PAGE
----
Category Archives: Staples HS

The Puzzle Of Alan Southworth

Westporters have a special relationship with the New York Times crossword puzzle.

Every year, puzzle editor Will Shortz hosts a competition at the library. (The upcoming 19th annual event is February 3.)

When library director Maxine Bleiweis retired in 2015, Shortz showed up — and presented her with a specially created, “MB”-themed puzzle.

Two months ago, “Westport” was even the answer to a clue — “Affluent Connecticut town” — in a Times crossword puzzle.

But our special relationship goes only so far. To be published by the paper, a puzzle must be good. Very good.

Alan Southworth’s is. Which is why — ta-da! — the 2010 Staples High School graduate makes his debut today as a New York Times puzzle constructor.

Alan Southworth (left) and Will Shortz, at last year’s Westport Library crossword puzzle contest.

The best constructors know a lot, about a lot of things. They have varied interests. Southworth definitely does.

At Staples he sang with the Orphenians, joined the jazz band, competed on the math team, and played freshman basketball.

At Princeton he majored in geosciences (and was certified in sustainable energy and environmental studies). He works now as an energy market consultant, in a Manhattan firm run by 2001 Staples grads Gabe Phillips and Jonathan Spivak. In his spare time, he plays singer-songwriter gigs around the city.

Southworth always loved words. He grew up playing Scrabble and Boggle with his mom, and relaxed before bed with Sudoku and KenKen.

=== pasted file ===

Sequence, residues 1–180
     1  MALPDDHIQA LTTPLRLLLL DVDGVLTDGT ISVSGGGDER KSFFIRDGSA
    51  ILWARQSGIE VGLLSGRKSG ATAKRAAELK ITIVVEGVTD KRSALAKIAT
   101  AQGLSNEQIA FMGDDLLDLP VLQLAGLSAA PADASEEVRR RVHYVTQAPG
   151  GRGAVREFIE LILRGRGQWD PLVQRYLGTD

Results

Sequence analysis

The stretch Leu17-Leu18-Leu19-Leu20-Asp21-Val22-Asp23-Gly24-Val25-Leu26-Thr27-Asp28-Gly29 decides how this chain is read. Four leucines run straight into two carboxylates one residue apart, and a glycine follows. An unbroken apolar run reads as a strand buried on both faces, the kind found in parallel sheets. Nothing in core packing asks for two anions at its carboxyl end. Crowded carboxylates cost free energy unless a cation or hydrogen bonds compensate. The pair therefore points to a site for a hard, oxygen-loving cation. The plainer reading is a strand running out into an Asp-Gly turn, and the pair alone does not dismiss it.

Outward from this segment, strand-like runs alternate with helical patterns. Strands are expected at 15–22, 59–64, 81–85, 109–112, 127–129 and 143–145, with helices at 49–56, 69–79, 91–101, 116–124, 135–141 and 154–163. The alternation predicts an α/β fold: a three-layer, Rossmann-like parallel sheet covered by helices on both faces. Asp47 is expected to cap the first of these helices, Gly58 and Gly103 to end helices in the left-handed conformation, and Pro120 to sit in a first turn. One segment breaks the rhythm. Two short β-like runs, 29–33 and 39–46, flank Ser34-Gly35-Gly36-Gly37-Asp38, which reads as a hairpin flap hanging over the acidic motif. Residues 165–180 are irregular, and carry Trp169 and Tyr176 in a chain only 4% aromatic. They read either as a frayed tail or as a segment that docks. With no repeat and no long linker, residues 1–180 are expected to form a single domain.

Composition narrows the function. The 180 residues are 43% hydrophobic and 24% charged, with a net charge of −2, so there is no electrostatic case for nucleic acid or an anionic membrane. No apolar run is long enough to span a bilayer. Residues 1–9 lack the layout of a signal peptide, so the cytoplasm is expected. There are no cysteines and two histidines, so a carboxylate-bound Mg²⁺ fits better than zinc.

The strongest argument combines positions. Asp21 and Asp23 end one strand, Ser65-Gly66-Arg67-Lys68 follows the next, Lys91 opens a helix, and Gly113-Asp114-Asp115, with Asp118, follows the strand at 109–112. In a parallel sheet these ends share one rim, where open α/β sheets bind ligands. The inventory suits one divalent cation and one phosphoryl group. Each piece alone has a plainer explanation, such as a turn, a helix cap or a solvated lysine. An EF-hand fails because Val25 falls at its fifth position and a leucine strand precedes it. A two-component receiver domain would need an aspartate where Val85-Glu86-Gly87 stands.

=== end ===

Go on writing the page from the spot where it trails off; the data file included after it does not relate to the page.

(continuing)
In college, he discovered crosswords. He and his friends challenged themselves with the Times puzzle in the dining hall.

After graduation, he commuted nearly 2 hours each way. Vowing to be as productive as possible, he spent his train rides writing song lyrics. That soon morphed into crossword theme ideas.

His college friend Ryan McCarty had a couple of puzzles accepted by the Times. He wanted to collaborate. So Southworth devised themes. McCarty did most of the grid construction. Together they wrote clues.

They’ve kept a Google Doc of puzzle ideas ever since.

Their first 2 puzzles were rejected. This one was accepted, Southworth thinks, because the theme answers were a  bit “cleaner,” and the grid more open (fewer black squares in the middle).

Having a crossword accepted is quite an accomplishment. Having your first one run on a Thursday is remarkable. That’s the toughest day for a themed puzzle. (Monday is the easiest; Tuesday and Wednesday are a bit harder. Friday and Saturday are reserved for themeless — but more difficult — puzzles.)

Southworth has a digital subscription to the Times. But today he’ll buy a dead-tree copy of the paper — and make copies for his co-workers.

Here in Westport, his parents have promised to save their copy for him too.

Liz Hannah’s USA Today “Post”

Last March, “06880” reported that Liz Hannah’s screenplay about the Pentagon Papers was being made into a major motion picture.

Very major. Steven Spielberg directed “The Post.” Tom Hanks plays Ben Bradlee. Meryl Streep is Katherine Graham.

Hannah is not a boldface name like those three.

At least, not yet.

But good things are happening to the 2003 Staples High School graduate.

Liz Hannah (Photo/Martim Vian for USA Today)

“The Post” was named best film of 2017 by the National Board of Review, and in  the Top 10 by Time and the American Film Institute. It earned 6 Golden Globe nominations, including Best Screenplay. (It didn’t win. But Hannah was there, at a table with Hanks and Streep.)

The writer has gotten some pretty good ink herself.

USA Today headlined its story: “‘The Post’ Writer Liz Hannah Shows What’s Possible When Women Occupy Powerful Roles in Hollywood.”

In it, the Westport native talks about her female mentors, and the inspiration of Katherine Graham herself.

USA Today notes:

A few years into writing pilots that languished in development and feature spec scripts that didn’t sell, a burned-out Hannah made one last-ditch effort before planning to leave the grind of writing to focus on something like teaching. At the encouragement of her husband, Hannah decided it was time to write something about Graham, and focus it on her decision to publish the Pentagon Papers.